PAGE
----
I need a script to add a users workstation ip to /etc/sysconfig/iptables and then run a service iptables reload. I need the same type of script for removing this rule from iptables.

I found the code below on a different forum.
It's somewhat what I need to do. It includes add and remove options, but instead of adduser it needs to reflect the iptable rule such as
iptables -I INPUT 1 -p tcp -s xxx.xxx.xx.xxx --dport 22 -m comment --**comment "testing for user1" -j ACCEPT.

The ip address itself needs to be passed as a parameter, so I can execute as

I am using RHEL version 6.4.
Any feedback is appreciated.


  echo "########## MENU ############\n"
  options=("add_user" "delete_user" "exit")
  select opt in "${options[@]}"
    case $opt in
      while [ 1 ]
        echo "1. Add user manually"
        echo "2. Add user via TXT file"
        read -p "Enter your choice" ch
        case $ch in 
            read -p "Enter user name : " useradd
            read -p "Enter user password:" passwd
            echo -e "Successfully added the user"
          if [ $(id -u) -eq 0 ]; then
            for row in `more $1`
              egrep "^$username" /etc/passwd >/dev/null
              if [ $? -eq 0 ]; then
                echo "$username exists!"
                exit 1
                pass=$(perl -e 'print crypt($ARGV[0], "password")' $password)
                useradd -m -p $pass $username
                [ $? -eq 0 ] && echo "User has been added to system!" || echo "Failed to add a user!"    
            echo "Only root may add a user to the system"
            exit 2
      read -p "Enter a User name to delete "UNAME
      userdel $UNAME
      echo "User $UNAME has been deleted"            
  • For some reason, the entire script didn't populate. Here is what I mean to enter:
    – user68384
    May 30, 2014 at 17:22

3 Answers 3


I've dealt with this a little differently. I keep a static iptables configuration that has jumps to special (initially empty) chains.

I then update those special chain asynchronously through a cron job. You could loop over a secondary data source that only has the ip addresses/hostnames and flushes and updates the chain every N minutes (or better, don't flush and delete the obsolete rules...)

This insulates your system's iptables a little by reducing the scope of what your automation is editing.

Note: You can edit the active rules in one of two ways:

 -D, --delete chain rule-specification
 -D, --delete chain rulenum
              Delete  one or more rules from the selected chain.  There are two versions of this command: the rule can be specified as a num-
              ber in the chain (starting at 1 for the first rule) or a rule to match.

If you use rulenumber, you dump the rules and pick which rule number based on its number. NOTE! This has an inherent race condition! If you specify rule-specification, you just specify all the same parameters that the rule has and it will be selected for deletion.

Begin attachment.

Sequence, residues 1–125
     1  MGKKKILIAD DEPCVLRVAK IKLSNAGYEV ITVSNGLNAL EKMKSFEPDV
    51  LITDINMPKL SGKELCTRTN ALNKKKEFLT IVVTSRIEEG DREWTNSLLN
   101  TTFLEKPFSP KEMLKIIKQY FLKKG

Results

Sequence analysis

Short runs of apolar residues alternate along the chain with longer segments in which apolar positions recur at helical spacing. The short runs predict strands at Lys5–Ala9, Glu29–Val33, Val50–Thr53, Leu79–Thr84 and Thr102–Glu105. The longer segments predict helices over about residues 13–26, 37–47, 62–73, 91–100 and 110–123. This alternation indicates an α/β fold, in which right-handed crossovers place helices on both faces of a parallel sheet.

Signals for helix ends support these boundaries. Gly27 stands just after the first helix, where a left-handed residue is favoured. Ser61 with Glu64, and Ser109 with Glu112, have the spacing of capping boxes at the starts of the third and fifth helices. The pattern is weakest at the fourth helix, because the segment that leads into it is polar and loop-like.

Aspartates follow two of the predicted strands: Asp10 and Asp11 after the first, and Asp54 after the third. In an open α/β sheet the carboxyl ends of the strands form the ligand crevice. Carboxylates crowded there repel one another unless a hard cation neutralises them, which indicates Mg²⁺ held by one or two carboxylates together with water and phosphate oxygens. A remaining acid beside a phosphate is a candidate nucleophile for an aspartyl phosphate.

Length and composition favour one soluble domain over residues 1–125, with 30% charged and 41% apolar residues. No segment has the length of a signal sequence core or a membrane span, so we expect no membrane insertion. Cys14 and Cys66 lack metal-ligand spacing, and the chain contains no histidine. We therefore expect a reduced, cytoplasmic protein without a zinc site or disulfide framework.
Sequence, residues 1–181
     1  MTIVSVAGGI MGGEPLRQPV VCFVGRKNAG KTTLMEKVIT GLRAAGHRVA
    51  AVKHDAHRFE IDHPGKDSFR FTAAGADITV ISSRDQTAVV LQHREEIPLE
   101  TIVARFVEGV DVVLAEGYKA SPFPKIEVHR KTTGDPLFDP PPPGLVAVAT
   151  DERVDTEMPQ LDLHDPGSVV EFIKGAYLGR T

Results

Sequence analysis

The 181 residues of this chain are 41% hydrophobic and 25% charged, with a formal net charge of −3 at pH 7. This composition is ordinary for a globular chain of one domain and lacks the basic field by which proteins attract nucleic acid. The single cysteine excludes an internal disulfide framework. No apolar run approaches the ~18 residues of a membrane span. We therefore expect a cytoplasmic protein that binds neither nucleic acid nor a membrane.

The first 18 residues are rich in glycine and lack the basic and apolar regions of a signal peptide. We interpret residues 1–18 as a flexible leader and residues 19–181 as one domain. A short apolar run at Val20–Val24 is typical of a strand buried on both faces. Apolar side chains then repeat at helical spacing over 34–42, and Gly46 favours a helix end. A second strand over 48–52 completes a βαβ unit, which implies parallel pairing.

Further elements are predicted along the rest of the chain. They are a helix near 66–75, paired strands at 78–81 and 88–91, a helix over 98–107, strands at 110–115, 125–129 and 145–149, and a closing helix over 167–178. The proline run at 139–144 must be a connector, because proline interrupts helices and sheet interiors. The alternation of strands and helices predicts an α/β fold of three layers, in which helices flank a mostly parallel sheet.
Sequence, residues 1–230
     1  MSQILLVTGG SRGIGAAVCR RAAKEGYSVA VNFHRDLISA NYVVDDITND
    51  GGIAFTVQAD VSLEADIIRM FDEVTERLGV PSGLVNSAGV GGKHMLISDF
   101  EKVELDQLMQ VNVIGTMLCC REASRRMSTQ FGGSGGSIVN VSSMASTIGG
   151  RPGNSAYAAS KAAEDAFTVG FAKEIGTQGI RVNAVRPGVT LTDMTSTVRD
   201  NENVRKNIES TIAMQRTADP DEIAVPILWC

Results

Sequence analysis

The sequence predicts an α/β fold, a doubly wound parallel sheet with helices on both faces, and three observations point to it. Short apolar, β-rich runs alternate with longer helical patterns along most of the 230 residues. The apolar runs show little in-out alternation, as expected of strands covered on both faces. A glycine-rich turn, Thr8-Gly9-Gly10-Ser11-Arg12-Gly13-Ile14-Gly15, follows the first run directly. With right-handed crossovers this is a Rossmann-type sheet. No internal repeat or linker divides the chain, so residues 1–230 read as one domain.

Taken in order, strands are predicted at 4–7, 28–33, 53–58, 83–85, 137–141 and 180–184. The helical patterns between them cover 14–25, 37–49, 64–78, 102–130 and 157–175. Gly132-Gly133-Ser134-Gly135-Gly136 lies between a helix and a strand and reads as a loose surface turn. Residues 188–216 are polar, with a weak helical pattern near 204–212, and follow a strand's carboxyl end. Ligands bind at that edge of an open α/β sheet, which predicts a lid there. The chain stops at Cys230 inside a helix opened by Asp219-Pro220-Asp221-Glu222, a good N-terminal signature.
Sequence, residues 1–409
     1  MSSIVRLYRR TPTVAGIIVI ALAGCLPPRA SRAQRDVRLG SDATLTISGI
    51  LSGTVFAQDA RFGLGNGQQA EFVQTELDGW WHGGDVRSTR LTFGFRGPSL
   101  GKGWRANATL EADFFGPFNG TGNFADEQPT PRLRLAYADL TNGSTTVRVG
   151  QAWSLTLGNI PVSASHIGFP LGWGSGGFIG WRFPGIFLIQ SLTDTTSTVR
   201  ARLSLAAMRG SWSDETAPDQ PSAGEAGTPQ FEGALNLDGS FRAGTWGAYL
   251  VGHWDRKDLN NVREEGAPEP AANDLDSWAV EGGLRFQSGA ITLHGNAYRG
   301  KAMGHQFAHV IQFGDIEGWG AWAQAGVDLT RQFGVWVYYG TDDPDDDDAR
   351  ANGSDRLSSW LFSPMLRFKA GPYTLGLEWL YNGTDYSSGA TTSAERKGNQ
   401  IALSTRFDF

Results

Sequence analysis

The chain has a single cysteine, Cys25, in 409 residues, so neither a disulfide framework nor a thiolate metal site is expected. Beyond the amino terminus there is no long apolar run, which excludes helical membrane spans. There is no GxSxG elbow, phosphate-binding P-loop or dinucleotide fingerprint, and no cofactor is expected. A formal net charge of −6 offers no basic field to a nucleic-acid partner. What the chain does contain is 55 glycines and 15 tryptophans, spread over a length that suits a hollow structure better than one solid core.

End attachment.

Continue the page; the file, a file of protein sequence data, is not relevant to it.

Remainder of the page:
• rrauenza, thank you very much for your feedback.
    – user68384
    May 30, 2014 at 18:31

There are no exact comparable tools to add or remove a single rule from the iptables ruleset.

Personally I'd use iptables-save to emit the current ruleset to a temporary file, then you can modify it using tools like awk or grep (for example use grep -v "$WORKSTATION_IP" to strip any potential duplicate already there, and then cat "$NEWRULE" >> $TMPFILE to append the new rule), then use iptables-restore to push the updated ruleset.

I'm not sure whether service iptables restart is required after a restore. I would expect not, but the man page is not explicit so I'd experiment.

You could write functions that simulate what you want. Maybe something like:

function add_iptables_rule {
    cat <(iptables-save) <(echo "$@") | iptables-restore

function del_iptables_rule {
    iptables-save | grep -v "$@" | iptables-restore

Automating this is a pretty risky however. Be very careful to test thoroughly. I'd start with iptables-save > /etc/iptables.backup so you can always go back to square one.

I like the idea of augmenting this approach by using separate rule chains as suggested by @rrauenza in a separate answer to limit the scope of your automation. Less to go wrong.


  • Bob, thank you very much for your feedback.
    – user68384
    May 30, 2014 at 18:30

Here the container in a simplified way... You need to fill with the code you want

# ----------------------------------------------------------------------- #
#   Here below it prints the help function                                #
#   Each time in printf                                                   #
#     (-) "\n" is a newline                                               #
#     (-) "\t" is tab (some spaces)                                       #
#   $0 is the the name that you give to the script                        #
#   $1 is the 1st parameter passed to script or function. In this case:   #
#     (+) Out of any function $1 is the 1st parameter given to the script #
#     (+) Inside a function $1 is the 1st given to the function           #
#                                                                         #
# ------------------------- # ------------------------------------------- #